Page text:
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Thursday, 4 December 2003
Page: 23906

Dr EMERSON (9:41 PM) —Labor would never condone violence and intimidation. The point I am making is that a young boy, aged 16, fell off a building site and, when asked about it, this minister was silent. I think an extreme violence is when a young boy falls off a building site, having been on that site in employment for three days with no decent occupational health and safety provisions in place—no guardrail, no harness, no scaffolding. The boy died, and the minister was silent. That is the point I made earlier: the minister has gone missing in relation to the death of Joel Exner.

The minister thinks it is a dreadfully serious matter when a person says something adverse to another, but when a young boy dies it is not serious. Three years earlier a 17-year-old boy fell off a site in Sydney in very similar circumstances—again, there was no harness, no guardrail and no scaffolding. The company was fined $20,000 and three years later had paid less than $2,000 of that fine. There was a rally of 10,000 proud trade union members in Sydney, and the minister was asked about that. And he was silent.

Extreme violence is displayed when a young man falls to his death because of the lack of occupational health and safety regulations being implemented on building sites. On average, one person in this industry dies every week. The minister invoked the analysis of an economics outfit, Econtech, which squeals that it costs 40 per cent more to put a wall on a high-rise building than it does on a house. This is supposed to be testament to shocking productivity in the construction industry. I say it should cost more to put a wall on a high-rise building than it does on a house for one simple reason: it is dangerous to work on high-rise buildings.

As a consequence, it is necessary in a decent and civilised society that there be safety provisions on high-rise buildings that are not necessarily applied to houses. But the minister and the Liberal Party missed this point completely. It appears that the Liberal Party is prepared to cut costs, to cut corners, to cut safety in this industry, and decent Australians will not stand for it. They will not stand for this winner takes all attitude and going for the cheapest bid even if it prejudices the safety of the young men who are employed in this industry.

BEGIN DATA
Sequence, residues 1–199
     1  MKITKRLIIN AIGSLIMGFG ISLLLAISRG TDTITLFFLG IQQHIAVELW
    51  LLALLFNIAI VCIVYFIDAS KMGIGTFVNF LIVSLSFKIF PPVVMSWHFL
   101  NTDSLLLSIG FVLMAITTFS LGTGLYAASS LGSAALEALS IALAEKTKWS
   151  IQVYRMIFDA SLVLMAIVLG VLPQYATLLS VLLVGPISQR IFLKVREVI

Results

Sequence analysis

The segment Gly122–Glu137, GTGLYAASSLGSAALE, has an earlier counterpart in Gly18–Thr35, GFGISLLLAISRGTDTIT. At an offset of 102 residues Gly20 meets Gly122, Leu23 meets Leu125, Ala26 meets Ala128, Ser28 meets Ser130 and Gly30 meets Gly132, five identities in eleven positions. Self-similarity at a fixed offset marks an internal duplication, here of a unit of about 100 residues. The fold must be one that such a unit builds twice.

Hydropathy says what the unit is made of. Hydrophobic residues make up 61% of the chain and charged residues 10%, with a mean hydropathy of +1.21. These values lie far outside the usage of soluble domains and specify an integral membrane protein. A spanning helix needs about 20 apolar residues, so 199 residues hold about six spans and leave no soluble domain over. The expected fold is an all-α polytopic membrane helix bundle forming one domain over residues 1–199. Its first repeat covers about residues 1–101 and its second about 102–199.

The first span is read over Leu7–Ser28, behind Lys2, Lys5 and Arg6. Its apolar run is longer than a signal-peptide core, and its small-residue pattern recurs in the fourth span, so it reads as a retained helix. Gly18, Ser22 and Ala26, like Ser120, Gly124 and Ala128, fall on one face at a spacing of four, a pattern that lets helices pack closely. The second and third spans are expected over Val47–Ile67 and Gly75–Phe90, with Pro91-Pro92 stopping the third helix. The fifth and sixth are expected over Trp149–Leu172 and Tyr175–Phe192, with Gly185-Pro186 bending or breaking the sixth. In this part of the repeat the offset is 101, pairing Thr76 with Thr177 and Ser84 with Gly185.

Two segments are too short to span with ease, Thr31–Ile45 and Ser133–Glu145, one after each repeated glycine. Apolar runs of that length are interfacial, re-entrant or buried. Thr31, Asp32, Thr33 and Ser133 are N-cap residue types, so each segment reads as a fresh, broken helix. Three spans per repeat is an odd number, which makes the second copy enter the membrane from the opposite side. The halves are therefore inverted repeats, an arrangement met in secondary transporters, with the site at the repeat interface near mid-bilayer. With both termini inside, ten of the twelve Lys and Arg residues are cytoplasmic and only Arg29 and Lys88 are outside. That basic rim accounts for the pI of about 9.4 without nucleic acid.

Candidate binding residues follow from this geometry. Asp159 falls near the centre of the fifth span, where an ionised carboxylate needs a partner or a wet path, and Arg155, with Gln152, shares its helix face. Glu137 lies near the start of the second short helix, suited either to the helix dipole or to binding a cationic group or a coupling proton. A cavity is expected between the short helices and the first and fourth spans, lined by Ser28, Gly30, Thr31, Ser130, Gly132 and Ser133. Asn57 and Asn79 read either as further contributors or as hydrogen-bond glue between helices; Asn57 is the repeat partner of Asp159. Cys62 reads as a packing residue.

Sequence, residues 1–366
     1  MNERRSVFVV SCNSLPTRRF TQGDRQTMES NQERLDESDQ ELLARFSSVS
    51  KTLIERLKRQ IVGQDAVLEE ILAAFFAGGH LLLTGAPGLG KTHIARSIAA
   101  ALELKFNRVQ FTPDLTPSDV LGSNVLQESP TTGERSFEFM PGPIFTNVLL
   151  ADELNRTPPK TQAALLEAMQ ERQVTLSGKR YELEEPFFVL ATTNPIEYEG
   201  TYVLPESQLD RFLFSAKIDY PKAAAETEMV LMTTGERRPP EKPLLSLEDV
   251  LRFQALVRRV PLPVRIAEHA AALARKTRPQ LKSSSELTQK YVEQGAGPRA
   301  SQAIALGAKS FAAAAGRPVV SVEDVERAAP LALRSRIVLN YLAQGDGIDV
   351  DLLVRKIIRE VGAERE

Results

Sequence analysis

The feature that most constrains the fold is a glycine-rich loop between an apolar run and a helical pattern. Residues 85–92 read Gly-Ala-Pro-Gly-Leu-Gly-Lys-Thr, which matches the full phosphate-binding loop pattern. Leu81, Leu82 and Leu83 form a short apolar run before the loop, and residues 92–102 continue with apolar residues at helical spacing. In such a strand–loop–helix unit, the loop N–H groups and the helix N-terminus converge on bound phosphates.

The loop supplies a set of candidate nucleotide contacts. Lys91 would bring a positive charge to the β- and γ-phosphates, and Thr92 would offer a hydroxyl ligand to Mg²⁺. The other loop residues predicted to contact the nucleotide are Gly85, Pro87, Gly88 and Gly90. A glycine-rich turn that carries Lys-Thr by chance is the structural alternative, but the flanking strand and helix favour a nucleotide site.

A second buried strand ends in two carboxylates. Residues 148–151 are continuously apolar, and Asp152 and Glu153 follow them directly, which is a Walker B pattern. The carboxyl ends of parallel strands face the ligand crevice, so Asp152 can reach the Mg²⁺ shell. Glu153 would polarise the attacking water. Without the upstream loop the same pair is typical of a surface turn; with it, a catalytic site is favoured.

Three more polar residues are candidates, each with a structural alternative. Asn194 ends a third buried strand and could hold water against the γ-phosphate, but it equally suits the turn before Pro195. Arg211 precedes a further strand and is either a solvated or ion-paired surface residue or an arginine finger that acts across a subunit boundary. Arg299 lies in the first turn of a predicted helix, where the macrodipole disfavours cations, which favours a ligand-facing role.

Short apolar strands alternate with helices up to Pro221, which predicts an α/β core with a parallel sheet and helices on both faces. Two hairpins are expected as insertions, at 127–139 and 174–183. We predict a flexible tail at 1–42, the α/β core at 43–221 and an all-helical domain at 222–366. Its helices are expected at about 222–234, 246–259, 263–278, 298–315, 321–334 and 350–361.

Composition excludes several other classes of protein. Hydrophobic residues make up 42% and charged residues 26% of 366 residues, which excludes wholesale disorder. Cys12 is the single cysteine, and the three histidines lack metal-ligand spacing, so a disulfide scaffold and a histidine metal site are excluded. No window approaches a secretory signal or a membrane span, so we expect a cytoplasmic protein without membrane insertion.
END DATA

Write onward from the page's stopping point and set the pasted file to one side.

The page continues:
This legislation is pernicious because it restricts the right of entry of union safety experts onto sites to examine the workplace health and safety provisions on those sites and to enforce them. This minister and this government do not want to see that happen, because they are into cost cutting; they are into safety cutting. You can cut costs if you cut safety, and that is what the Liberal Party believes in—the lowest bottom line, the cheapest bid, at the expense potentially of the lives of young people and older people employed in this industry. It is not all about the bottom line. What value does this minister put on a human life, when one person in this industry dies every week and the Cole royal commission found only two breaches of occupational health and safety? Around Australia, they found only two breaches, in Darwin.

That is why I say the Cole royal commission was biased and that is why we have in place now a Senate references committee to examine the occupational health and safety shortages and deficiencies in this industry around Australia. That is why this bill will not pass through the Senate—because this Cole royal commission either ignored completely or glossed over major issues, including occupational health and safety in this industry. This is a bill that was designed to fail from the outset. (Time expired)